{1 + {number of ways to write 3 with two digits}} +

{0 + {number of ways to write 4 with two digits}}

(You might want to convince yourself that this is the case and there is no need to assume the set digit in different positions)

Which is the same as writing (in our notation)

$$F_3(4) = F_2(0) + F_2(1) + F_2(2) + F_2(3) + F_2(4)$$

For the general case we have

$$F_k(n) = \sum_{l=0}^n F_{k-1}(l)$$

it is also easily seen that $$F_1(n)=1$$ and $$F_k(0)=1$$. This now allows us to expand the first few relations as

$$F_1(n) = 1$$ $$F_2(n) = \sum_{l=0}^n F_1(l) = \frac{(n+1)}{1!}$$ $$F_3(n) = \sum_{l=0}^n F_2(l) = \sum_{l=0}^n n+1 = \frac{(n+1)^2+(n+1)}{2!}$$ $$F_4(n) = \sum_{l=0}^n F_3(l) = \frac{(n+1)^3+3(n+1)^2+2(n+1)}{3!}$$ $$F_5(n) = \sum_{l=0}^n F_4(l) = \frac{(n+1)^4 + 6(n+1)^3+11(n+1)^2+6(n+1)}{4!}$$

... and so on

Unfortunately there isn't any "nice" generic expression for the coefficients in the numerator. Its a good exercise to find it but be warned; it gets quite messy apart from the two highest and the lowest coefficients in the numerator polynomial which you probably can spot by inspection.

By factoring the numerator and recognizing the Gamma function the expression can be written in semi-closed form as:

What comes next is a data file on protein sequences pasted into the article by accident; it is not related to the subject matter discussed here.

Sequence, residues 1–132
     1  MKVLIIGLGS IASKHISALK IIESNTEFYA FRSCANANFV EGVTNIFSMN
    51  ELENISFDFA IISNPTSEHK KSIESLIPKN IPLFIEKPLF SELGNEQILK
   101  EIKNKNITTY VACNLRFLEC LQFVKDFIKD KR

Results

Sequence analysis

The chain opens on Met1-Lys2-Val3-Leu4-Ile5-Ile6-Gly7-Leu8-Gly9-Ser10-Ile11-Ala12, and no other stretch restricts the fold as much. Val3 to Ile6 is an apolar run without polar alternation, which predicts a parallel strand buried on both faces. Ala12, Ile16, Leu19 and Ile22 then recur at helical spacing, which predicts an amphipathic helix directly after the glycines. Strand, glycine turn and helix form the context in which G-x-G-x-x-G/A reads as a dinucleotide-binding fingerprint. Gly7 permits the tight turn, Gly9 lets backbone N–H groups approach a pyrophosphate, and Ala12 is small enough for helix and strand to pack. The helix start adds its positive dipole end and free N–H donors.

$$F_k(n) = \frac {\Gamma \left( n+k \right) }{\Gamma \left( n+1 \right) \left( k-1 \right) !}$$

• The numerator is factorizable $F_k(n)=\frac{(n+1)(n+2)\cdots(n+k-1)}{(k-1)!}$. – zwim Dec 12 '17 at 14:51
• Shouldn't the third row be $F_3(n) = \sum_{l=0}^n F_2(l) = \sum_{l=0}^n n-l+1 = \frac{n(n+1)}{2} + (n+1)$ and so on for the following rows? I think you are using $n$ instead of $l$ by mistake when you call $F_{k-1}(l)$ – Elliot Gorokhovsky Oct 24 '19 at 21:30

I have been recently solving a similar problem: how many ways can 1024 items fall into 16 histogram bins? This is essentially the same question, and the problem it coincides with is the number of unordered partitions (we don't care in which order the numbers are filled, writing e.g. 1024 = 512 + 256 + 256 + 0's is the same as 1024 = 0's + 256 + 512 + 256, or any other).